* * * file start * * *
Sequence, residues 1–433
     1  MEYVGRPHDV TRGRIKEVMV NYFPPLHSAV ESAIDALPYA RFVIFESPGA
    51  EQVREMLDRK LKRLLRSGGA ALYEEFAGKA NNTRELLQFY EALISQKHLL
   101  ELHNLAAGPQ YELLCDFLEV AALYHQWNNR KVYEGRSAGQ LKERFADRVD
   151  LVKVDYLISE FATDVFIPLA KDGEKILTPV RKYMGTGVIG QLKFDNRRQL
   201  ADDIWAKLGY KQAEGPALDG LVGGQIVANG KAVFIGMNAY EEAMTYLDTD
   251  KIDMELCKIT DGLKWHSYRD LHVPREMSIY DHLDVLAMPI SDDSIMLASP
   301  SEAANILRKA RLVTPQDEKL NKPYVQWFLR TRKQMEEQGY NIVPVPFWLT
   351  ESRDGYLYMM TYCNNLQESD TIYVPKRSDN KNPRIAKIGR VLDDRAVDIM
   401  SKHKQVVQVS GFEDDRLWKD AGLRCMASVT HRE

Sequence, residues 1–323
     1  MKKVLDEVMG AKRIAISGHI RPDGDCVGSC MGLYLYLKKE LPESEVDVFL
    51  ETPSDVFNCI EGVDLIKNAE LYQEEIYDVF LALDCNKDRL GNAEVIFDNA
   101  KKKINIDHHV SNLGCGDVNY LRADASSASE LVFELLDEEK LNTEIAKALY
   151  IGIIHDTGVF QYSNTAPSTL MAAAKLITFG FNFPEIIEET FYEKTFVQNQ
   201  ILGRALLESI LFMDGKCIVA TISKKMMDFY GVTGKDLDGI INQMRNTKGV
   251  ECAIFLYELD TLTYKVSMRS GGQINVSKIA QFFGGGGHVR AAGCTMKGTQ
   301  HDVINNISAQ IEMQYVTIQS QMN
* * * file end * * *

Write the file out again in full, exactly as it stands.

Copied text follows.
Sequence, residues 1–433
     1  MEYVGRPHDV TRGRIKEVMV NYFPPLHSAV ESAIDALPYA RFVIFESPGA
    51  EQVREMLDRK LKRLLRSGGA ALYEEFAGKA NNTRELLQFY EALISQKHLL
   101  ELHNLAAGPQ YELLCDFLEV AALYHQWNNR KVYEGRSAGQ LKERFADRVD
   151  LVKVDYLISE FATDVFIPLA KDGEKILTPV RKYMGTGVIG QLKFDNRRQL
   201  ADDIWAKLGY KQAEGPALDG LVGGQIVANG KAVFIGMNAY EEAMTYLDTD
   251  KIDMELCKIT DGLKWHSYRD LHVPREMSIY DHLDVLAMPI SDDSIMLASP
   301  SEAANILRKA RLVTPQDEKL NKPYVQWFLR TRKQMEEQGY NIVPVPFWLT
   351  ESRDGYLYMM TYCNNLQESD TIYVPKRSDN KNPRIAKIGR VLDDRAVDIM
   401  SKHKQVVQVS GFEDDRLWKD AGLRCMASVT HRE

Sequence, residues 1–323
     1  MKKVLDEVMG AKRIAISGHI RPDGDCVGSC MGLYLYLKKE LPESEVDVFL
    51  ETPSDVFNCI EGVDLIKNAE LYQEEIYDVF LALDCNKDRL GNAEVIFDNA
   101  KKKINIDHHV SNLGCGDVNY LRADASSASE LVFELLDEEK LNTEIAKALY
   151  IGIIHDTGVF QYSNTAPSTL MAAAKLITFG FNFPEIIEET FYEKTFVQNQ
   201  ILGRALLESI LFMDGKCIVA TISKKMMDFY GVTGKDLDGI INQMRNTKGV
   251  ECAIFLYELD TLTYKVSMRS GGQINVSKIA QFFGGGGHVR AAGCTMKGTQ
   301  HDVINNISAQ IEMQYVTIQS QMN